Maria Sharapova Given US Open Wild Card - UBITENNIS
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Grand Slam

Maria Sharapova Given US Open Wild Card




Maria Sharapova (

Maria Sharapova is set to play in her first grand slam tournament since returning from a doping ban after receiving a wild card for the upcoming US Open.


The former world No.1 hasn’t played in a major tournament since the 2016 Australian Open after missing 15 months of the tour for failing a drugs test. Returning to competitive tennis in April, Sharapova was unable to participate in the French Open after officials declined to give her a pass into their tournament. The president of the French Tennis Federation, Bernard Giudicelli, said his decision was made ‘to protect the game.’ She later missed Wimbledon due to injury.

Sharapova, who won the US Open back in 2006, had only been able to play in one tournament since June due to injury. She has already withdrawn from Stanford, Montreal and Cincinnati with a left forearm injury. Hampering her preparations for the final major of the season.

“I arrived in Cincinnati eager to play. However, following the doctor’s advice on-site, as a precaution for the U.S. Open, I am unfortunately withdrawing from the tournament with the left forearm injury I sustained in Stanford.” The Russian said earlier in the week.

The 30-year-old currently has a win-loss record of 32-9 at Flushing Meadows. Besides being the champion in 2006, she is also a three-time semifinalist.

A total of eight wild cards has been awarded for the main draw. Five of those are American, including former junior world No.1 Taylor Townsend, USTA under 18s champion Sofia Kenin and current US Open junior champion Kayla Day.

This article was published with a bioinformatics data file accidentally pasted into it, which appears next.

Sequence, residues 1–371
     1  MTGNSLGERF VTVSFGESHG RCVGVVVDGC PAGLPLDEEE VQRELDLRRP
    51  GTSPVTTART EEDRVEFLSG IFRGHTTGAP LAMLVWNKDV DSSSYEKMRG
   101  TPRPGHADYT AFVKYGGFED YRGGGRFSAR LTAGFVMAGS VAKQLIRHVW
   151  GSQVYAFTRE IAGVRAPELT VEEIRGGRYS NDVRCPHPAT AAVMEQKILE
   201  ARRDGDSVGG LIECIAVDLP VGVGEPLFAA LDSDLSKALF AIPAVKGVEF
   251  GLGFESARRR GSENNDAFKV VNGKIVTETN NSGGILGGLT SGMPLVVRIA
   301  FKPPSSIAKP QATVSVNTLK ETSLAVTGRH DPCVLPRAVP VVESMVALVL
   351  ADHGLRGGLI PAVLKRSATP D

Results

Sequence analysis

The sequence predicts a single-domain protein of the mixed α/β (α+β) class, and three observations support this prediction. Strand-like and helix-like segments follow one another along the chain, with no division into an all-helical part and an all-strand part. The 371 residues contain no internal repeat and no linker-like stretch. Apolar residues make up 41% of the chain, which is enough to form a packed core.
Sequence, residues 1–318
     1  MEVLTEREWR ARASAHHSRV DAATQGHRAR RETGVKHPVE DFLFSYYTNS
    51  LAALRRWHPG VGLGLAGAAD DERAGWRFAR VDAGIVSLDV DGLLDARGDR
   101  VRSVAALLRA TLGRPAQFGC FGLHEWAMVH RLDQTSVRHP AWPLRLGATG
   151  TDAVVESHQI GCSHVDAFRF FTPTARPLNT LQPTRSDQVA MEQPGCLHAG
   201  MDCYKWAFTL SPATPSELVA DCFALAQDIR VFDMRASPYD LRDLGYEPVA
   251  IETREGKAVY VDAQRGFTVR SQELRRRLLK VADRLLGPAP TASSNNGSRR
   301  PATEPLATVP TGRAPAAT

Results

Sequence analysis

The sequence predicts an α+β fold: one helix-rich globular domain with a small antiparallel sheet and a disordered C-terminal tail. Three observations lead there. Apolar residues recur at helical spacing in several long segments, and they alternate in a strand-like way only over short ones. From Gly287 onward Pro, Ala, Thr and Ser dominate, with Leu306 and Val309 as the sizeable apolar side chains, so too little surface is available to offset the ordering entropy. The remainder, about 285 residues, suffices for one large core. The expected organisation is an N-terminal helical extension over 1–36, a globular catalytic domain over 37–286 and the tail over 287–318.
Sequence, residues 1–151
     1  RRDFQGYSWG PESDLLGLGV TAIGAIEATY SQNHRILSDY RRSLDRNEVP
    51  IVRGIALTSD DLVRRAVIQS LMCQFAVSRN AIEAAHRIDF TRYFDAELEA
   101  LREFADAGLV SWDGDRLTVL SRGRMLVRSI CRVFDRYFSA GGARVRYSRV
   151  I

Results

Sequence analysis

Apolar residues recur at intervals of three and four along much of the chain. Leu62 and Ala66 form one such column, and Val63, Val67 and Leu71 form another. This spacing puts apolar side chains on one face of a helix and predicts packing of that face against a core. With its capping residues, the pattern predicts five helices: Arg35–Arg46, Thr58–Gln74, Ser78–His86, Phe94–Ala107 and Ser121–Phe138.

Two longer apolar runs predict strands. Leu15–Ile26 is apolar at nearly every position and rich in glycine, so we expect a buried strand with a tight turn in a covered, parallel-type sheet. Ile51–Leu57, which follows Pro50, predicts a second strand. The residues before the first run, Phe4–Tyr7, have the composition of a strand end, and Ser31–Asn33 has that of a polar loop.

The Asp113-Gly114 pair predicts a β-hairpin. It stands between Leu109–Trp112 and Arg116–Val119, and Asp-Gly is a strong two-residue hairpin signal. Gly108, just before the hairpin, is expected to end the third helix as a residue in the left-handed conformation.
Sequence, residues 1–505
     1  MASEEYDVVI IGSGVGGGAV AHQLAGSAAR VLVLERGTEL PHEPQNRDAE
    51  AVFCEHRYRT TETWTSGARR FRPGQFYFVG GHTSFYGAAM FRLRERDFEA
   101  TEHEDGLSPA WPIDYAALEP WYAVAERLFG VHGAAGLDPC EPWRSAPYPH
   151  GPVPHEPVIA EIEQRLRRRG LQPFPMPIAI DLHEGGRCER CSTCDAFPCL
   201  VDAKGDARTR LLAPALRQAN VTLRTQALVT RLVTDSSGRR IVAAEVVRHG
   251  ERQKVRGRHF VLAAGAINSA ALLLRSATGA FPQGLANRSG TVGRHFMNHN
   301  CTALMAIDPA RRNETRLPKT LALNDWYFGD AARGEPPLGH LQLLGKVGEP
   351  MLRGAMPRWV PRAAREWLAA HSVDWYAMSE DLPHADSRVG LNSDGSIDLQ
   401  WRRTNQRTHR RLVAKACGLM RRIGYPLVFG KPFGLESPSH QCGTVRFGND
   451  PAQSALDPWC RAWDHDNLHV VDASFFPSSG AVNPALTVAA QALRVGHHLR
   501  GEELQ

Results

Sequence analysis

France’s Amandine Hesse has also been given a pass into the draw. The USTA and French Tennis Association has a reciprocal agreement to allow a wild card for one french player. The same applies to Australia, who is yet to nominate their entry.

Young guns dominate male entries

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In the men’s draw, every wild card entry is below the age of 25. Taylor Fritz has been granted a chance of winning his first main draw match in a grand slam tournament. The world No.120 scored his first top-10 scalp over Marin Cilic earlier this year.

Former junior grand slam champions Bjorn Fratangelo and Tommy Paul have also been given wild cards. Paul, who won the 2017 US Open wild card challenge, will play in his first major main draw since the 2015 US Open and the second of his career. Meanwhile, Fratangelo will feature in his eighth. Also joining them will be Christopher Eubanks, Thai-Son Kwiatkowski and Patrick Kypson.

The Australian and French representatives are both under the age of 19. Alex de Minaur will play in his third major tournament of the season. Last month the Australian won his first pro title in singles at a Futures event in Portugal and has already reached the final at two Challenger events. France’s Geoffrey Blancaneaux is currently ranked outside the top 300 and is best known for defeating Félix Auger-Aliassime in the boys French Open final last year.

At this year’s US Open, first round losers will take home a minimum of $50,000 in prize money.